Searchers located the remains of the ship 5,500 meters (18,044 feet) below the sea, according to billionaire Microsoft co-founder Paul Allen, who led the expedition. “Important chapter of WWII history concludes,” Allen wrote on Twitter. “I hope survivors/families gain some closure.”
The Indianapolis sank on July 30, 1945, just 12 minutes after being hit by torpedoes fired by a Japanese submarine. The sinking of the Indianapolis and the ordeal endured by the ship’s survivors is one of the worst naval disasters in American history.
Remotely operated vehicles, or ROVs, provided key help in locating the Indianapolis wreckage. The expedition team is now surveying and capturing what was found.
The Navy failed to notice the Indianapolis was overdue at its next port of call; it never dispatched a search party. Only 317 crew survived, rescued after a passing plane spotted them.
Since 1960, the survivors have been meeting for reunions in Indianapolis. At the 70th anniversary of the sinking two years ago, 14 of the 31 remaining survivors gathered. “It is still so vivid—I can see it, I can feel it,” said Edgar “Ed” Harrell. “It was 70 years ago, but it was just yesterday.”
Last summer, a Naval historian discovered records pinpointing the ship’s location 11 hours before it sank, a breakthrough that helped lead Allen’s search in the right direction. Several previous searches, including one led by National Geographic, had failed to find the ship. The historian, Richard Hulver, noted that no distress call from the Indianapolis was ever received, nor was there a record of the ship’s sinking location.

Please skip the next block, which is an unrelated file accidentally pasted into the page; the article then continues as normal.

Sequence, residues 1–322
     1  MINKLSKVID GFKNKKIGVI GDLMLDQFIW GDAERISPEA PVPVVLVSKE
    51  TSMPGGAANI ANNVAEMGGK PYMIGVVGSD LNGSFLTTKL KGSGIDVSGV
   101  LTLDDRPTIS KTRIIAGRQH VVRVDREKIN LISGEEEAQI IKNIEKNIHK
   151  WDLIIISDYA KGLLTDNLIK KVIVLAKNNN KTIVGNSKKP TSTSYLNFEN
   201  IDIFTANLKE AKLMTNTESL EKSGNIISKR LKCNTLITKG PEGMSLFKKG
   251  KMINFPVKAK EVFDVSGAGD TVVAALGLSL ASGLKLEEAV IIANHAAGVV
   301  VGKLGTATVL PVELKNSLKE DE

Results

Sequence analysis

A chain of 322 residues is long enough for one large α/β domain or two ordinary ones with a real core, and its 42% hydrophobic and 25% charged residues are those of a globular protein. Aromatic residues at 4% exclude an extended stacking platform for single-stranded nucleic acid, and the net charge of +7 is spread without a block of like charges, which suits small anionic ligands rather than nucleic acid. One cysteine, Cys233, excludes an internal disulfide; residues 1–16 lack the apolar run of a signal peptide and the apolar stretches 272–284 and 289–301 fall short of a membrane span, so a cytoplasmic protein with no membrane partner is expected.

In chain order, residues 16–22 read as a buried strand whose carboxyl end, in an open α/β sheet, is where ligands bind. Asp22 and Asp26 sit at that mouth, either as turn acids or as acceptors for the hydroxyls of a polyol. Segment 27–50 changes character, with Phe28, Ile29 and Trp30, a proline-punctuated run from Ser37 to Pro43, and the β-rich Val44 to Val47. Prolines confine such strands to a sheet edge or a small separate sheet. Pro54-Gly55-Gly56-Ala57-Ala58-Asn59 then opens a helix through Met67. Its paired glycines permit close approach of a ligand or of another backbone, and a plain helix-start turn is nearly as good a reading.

In March 2015, Allen’s team made a separate discovery of the Musashi, a battleship sunk by American forces during World War II. The discovery was made in Philippine waters at a depth of about 1 kilometer (3,280 feet).
Allen’s crew used the historical data discovered last year, along with remotely operated vehicle (ROV) technology, to look for the wreck within a 600-square-mile area of open ocean. The expedition team will conduct a live video tour of the wreckage in the next few weeks, according to to the Navy.
“I’m very happy that they found it. It’s been a long 72 years coming,” said a statement released by 93-year-old Indianapolis survivor Arthur Leenerman and reported by USNI News. “I have wished for years that they would find it. The lost at sea families will feel pretty sad but I think finding the ship will also give them some closure.”